Baker's Dozen

Artists discuss the 13 records that shaped their lives

Gold Dust Of Our Musical Worth: Ian Anderson’s Favourite Albums

Ahead of a one-off show at the Royal Albert Hall, the Jethro Tull man picks out his thirteen finest albums

Ian Anderson has, on plenty of occasions over the years, been open and detailed about the fact he never really fit in with the Sixties. A general abstainer from drugs, womanising and political activism, he is perhaps unique from the era in creating an institution unto himself with Jethro Tull, the evolving artistic crusade that has taken him through swirling eccentricity, superbly satisfying heavy rock and the challenging complexities of prog.

And that refusal to fit into any wider trends is reflected in his 13 choices here. Not only do we have that other great Sixties weirdo Roy Harper along with the more confronting Captain Beefheart, but such bizarrely mainstream selections as Meat Loaf and Alfie Boe.

The other result of Anderson calmly, and as an observer, negotiating the Sixties was that he never addled himself or burnt himself out with the excesses of the day. Therefore, he is startlingly eloquent as he approaches his 66th birthday, somewhat formidable in conversation yet witty and engaged, and with a polymath’s cultural knowledge.

So despite producing one of the decade’s finest albums in Stand Up as well as one of the most recognisable singles in ‘Living In The Past’, he is perhaps not a typical example of that age.

“I think most of us are products not so much of the time we’re born in, but more of genetics and our parental upbringing,” he says. “I don’t think I would have been a very different character if I’d been born in the mid-1800s, except that I’d probably be dead because they didn’t have penicillin back then and I got peritonitis when I was eight.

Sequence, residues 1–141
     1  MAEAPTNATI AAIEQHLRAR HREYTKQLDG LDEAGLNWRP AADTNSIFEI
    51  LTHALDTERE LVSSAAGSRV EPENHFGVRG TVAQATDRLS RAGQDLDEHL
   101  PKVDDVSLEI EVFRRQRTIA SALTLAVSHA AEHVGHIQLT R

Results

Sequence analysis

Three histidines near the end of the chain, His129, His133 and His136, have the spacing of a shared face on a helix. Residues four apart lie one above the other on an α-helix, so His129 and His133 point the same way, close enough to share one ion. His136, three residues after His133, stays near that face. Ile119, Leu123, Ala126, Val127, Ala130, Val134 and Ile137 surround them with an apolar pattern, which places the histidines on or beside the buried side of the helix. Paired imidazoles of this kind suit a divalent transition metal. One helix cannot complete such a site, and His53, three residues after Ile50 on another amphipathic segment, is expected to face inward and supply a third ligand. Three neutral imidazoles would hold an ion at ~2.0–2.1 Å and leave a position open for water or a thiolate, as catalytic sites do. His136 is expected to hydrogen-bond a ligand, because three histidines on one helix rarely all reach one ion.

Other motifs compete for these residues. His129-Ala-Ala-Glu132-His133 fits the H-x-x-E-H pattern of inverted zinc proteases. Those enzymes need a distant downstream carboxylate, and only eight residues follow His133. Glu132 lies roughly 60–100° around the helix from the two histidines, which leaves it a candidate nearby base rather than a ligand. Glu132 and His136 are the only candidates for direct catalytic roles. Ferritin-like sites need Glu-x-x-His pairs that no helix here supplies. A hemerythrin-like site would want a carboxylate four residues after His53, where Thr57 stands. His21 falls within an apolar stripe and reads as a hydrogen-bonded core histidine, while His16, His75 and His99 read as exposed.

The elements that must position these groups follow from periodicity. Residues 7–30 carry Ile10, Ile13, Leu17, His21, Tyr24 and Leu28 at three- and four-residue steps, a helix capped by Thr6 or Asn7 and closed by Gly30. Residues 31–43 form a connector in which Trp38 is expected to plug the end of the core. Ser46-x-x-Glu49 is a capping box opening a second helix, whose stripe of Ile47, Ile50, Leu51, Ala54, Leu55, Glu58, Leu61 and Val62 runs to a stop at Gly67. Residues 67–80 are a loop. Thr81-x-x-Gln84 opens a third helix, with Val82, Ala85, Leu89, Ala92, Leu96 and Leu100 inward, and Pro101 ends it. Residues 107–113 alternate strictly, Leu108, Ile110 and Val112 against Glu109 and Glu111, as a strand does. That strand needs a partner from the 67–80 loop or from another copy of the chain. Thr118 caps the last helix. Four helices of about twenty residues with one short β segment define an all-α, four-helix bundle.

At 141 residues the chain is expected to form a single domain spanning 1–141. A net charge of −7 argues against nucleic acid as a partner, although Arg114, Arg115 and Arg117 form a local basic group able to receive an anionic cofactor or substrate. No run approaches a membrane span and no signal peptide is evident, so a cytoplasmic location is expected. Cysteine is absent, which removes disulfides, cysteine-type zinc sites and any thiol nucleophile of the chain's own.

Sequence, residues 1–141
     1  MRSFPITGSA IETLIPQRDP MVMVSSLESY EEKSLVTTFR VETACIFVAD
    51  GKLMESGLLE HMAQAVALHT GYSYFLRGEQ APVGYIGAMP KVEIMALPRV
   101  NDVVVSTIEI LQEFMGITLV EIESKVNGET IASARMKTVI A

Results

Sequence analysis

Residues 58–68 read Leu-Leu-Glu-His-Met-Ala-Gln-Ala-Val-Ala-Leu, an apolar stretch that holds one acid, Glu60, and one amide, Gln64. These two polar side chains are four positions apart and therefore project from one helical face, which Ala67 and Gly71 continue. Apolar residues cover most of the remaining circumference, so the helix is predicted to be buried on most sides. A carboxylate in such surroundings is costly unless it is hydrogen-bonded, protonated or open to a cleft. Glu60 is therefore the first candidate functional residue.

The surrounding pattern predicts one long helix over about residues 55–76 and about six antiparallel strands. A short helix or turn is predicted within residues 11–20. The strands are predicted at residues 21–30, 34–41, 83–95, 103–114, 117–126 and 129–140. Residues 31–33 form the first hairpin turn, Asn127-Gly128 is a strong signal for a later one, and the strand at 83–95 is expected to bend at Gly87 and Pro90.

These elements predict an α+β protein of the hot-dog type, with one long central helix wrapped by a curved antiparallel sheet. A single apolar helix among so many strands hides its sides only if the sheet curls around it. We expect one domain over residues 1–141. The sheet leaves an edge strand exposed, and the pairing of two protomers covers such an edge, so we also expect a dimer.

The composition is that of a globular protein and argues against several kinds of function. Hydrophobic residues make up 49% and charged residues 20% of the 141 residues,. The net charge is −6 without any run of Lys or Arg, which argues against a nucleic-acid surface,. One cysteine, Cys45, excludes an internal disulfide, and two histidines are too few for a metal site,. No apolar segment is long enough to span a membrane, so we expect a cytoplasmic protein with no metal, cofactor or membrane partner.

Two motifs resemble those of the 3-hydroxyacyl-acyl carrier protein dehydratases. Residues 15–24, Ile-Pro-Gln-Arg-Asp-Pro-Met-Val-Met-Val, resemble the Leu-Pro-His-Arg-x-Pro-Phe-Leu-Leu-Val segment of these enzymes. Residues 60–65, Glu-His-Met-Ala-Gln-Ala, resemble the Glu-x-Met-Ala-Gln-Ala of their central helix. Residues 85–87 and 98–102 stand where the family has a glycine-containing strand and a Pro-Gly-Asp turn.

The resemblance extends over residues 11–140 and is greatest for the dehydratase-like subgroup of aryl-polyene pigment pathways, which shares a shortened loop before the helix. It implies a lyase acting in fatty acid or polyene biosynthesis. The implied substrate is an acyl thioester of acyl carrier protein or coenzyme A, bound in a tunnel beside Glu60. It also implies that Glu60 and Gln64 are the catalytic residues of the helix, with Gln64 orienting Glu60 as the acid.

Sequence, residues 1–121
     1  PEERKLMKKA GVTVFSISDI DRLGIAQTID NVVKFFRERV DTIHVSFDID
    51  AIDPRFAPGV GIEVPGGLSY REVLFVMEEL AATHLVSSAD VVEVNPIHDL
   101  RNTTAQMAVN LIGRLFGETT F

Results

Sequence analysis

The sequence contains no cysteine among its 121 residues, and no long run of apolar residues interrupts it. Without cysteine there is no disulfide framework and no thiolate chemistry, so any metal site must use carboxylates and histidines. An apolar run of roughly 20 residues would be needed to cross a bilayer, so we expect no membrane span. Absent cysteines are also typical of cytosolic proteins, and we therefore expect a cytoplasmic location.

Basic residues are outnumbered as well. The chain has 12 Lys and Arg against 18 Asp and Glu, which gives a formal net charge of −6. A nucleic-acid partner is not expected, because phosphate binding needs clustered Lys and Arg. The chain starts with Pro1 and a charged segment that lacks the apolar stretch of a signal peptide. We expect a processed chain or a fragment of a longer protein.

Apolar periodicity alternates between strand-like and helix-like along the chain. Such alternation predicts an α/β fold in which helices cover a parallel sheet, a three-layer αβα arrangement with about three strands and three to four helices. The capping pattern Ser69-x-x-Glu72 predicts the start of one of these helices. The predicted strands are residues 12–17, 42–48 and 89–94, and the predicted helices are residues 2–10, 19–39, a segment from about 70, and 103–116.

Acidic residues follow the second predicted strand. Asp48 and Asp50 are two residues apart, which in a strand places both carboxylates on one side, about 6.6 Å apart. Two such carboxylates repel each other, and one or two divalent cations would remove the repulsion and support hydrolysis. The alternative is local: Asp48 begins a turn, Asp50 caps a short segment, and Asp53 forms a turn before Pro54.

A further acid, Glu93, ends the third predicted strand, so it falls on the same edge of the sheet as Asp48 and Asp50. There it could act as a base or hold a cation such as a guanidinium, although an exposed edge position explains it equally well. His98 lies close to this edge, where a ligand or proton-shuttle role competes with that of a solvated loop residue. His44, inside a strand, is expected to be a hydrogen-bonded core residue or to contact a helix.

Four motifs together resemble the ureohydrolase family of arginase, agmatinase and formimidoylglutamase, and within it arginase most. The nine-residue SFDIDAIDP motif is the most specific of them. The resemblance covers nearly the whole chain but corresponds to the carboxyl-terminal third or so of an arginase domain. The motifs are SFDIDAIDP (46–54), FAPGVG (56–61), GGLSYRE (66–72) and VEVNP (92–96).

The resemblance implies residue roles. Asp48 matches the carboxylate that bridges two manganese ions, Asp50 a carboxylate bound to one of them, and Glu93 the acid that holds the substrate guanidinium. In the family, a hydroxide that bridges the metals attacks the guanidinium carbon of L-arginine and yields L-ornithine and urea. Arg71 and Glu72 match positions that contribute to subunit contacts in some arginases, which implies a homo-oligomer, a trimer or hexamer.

“We are much more creatures of our genetic propensity than most of us like to think about. We really do owe a lot to our mother, our father and our ancestors gone by.

“I don’t think I’m really a product of the age, but I’m glad that I grew up in that era because as an archetypal baby boomer, the world was reshaping itself in a very profound way and in a way it never had before, because I was born into the age of technology. I was born into the age of television and radio and media, so the first 20 or 30 years of my life were very profound. When I was 22, Neil Armstrong and Buzz Aldrin walked on the moon, and I had known since the first Sputnik bleeped its way across the far horizon that we were entering a new age. The industrial age was a very important one and preceded me by a hundred years or more, but the age of technology has been an extraordinarily exciting adventure for everybody.”

Anderson’s 13 albums were not chosen by casting his mind back through the decades to recall which records affected him the most. Instead, with typical pragmatism, he went by a process that makes these albums highly relevant to Anderson’s present.

“I chose them by reference to the walk-in music that I play,” he says, referring to the waiting time before Jethro Tull appear on stage at concerts. “I’ve always chosen the music I think the audience would either like or ought to hear. People are sitting in their seats for ten minutes, half an hour or 45 minutes waiting for the act to come on stage, and it’s important that I’m not playing them the music that is the mindless choice of some monitor engineer or house technician.

“[For this list] I just referred to the current playlist of walk-in music, because those are songs that I have carefully researched in the months gone by as being representative of stuff that I think is good, wholesome, intelligent music that people can enjoy or at least suffer in silence to.”

Ian will be performing both Thick As A Brick 1 and 2 at a special one-off performance at the Royal Albert Hall on June 30; for further details, head here. Click on Ian’s picture below to begin scrolling his choices

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